Tue | Sep 22, 2020

Foundation artiste hopes to revive fighting spirit

Published:Thursday | July 30, 2020 | 12:05 AM
From left (top) Nana EQ and Brandon Shakespeare; Irie AC and Papa Biggy.
From left (top) Nana EQ and Brandon Shakespeare; Irie AC and Papa Biggy.

Foundation artiste Papa Biggy will officially release his latest single All Soldiers Rise this week, and he is expecting the song to revive the fighting spirits of listeners.

Commenting on the song for which he teamed up with fellow US-based artiste Irie AC and Jamaica-based Nana EQ, the artiste born Courtney Porteous said it is a “tower of strength and inspiration to all fighting for survival”.

“Whether it is economic, injustice or health battles as I myself have been fighting for over 30 years with diabetes and obesity, all that have kept me going is the fact that mentally I am always reminded of the importance of being a soldier. So in times like these, all soldiers should rise,” he said.

Inspiration for the song, according to Biggy, came one morning about 6:30 while driving and speaking to Irie AC on the phone. He said he started reflecting on all that was happening, COVID-19 was at its peak in New York and Connecticut where he lives and the song, Only the Strong Survive, came to his mind.

“So, I started thinking on how Irie AC served 20 years in the US marines and is a real survivor, that’s when it became clear that we as a society have always depicted strength and resilience and now is the time for us to rise,” he continued.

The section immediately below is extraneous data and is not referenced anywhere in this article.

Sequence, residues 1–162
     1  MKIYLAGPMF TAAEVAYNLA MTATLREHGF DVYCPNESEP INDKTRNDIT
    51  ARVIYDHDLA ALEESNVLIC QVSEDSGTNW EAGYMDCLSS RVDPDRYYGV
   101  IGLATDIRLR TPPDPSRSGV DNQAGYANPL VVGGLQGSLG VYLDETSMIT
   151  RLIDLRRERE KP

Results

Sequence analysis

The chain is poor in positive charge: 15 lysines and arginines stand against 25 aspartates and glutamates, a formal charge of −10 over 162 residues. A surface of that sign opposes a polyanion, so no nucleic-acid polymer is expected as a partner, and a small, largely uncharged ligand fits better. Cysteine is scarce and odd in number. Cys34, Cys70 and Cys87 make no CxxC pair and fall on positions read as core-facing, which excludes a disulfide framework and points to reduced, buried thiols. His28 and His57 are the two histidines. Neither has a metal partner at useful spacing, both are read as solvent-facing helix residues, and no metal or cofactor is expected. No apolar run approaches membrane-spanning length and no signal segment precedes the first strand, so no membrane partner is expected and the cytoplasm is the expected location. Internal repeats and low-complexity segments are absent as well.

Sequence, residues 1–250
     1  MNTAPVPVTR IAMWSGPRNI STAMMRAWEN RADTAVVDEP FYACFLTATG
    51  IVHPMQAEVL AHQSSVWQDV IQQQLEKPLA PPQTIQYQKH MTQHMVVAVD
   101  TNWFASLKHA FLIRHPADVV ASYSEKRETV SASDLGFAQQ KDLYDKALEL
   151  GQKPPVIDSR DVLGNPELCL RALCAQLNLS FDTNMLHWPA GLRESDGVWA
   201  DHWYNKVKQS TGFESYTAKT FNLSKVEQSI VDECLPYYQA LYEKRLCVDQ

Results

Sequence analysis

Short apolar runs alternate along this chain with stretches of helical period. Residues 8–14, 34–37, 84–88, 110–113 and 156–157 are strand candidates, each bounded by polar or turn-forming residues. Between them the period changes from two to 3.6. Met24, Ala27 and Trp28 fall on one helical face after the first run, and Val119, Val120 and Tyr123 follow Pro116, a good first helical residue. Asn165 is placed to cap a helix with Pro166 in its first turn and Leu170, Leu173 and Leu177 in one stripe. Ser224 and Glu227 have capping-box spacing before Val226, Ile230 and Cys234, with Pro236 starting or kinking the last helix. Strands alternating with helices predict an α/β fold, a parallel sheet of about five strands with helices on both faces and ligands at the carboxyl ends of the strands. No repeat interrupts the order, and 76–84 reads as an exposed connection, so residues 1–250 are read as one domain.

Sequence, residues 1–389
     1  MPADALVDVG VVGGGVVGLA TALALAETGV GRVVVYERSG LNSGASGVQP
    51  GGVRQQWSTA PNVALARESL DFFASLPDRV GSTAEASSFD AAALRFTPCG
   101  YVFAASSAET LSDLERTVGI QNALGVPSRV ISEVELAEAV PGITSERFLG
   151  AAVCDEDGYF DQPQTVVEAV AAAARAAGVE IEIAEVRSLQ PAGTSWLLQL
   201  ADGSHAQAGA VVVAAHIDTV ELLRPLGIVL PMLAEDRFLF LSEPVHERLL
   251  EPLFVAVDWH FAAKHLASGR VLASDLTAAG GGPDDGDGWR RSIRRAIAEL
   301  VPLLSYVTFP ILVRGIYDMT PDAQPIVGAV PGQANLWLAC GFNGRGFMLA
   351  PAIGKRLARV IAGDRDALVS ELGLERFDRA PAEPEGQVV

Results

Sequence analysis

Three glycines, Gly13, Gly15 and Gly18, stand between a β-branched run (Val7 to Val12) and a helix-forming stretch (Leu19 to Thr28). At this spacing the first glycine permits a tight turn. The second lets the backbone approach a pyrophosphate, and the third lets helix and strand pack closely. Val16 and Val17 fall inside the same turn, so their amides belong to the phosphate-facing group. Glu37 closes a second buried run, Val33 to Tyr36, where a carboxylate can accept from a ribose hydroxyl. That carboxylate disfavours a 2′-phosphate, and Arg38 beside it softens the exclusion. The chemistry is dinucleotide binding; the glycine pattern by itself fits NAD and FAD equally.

SINGING WHILE DRIVING

Papa Biggy said he began making up lyrics and singing them while driving and by the time he reached home, he had the melody and the lyrics all worked out.

He said his next step was a rhythm, which he reached out to Brandon Shakespeare in Jamaica to do. Pleased with the result he wasted no time in getting in the studio with Irie AC, but he said something was still missing, he terms it ‘the strength of the lioness’.

“I contacted Nana EQ, a long-time friend and singer, to do that section of the song. After that, I still felt something was missing. It dawned on me that representation of the youths was not included in the song which I wanted to be different from the rest of the songs, so I wrote a section of spoken words and enlisted Jayden Harris, a family member, and he delivered perfectly,” Papa Biggy shared of the recording process.

Irie AC, born Andrew Lloyd Comrie, said he had no hesitation in teaming with Papa Biggy to record the song as “it is our constant obligation to continue to use our gifts for the betterment of mankind with reggae as the vehicle and our voices as the tool”.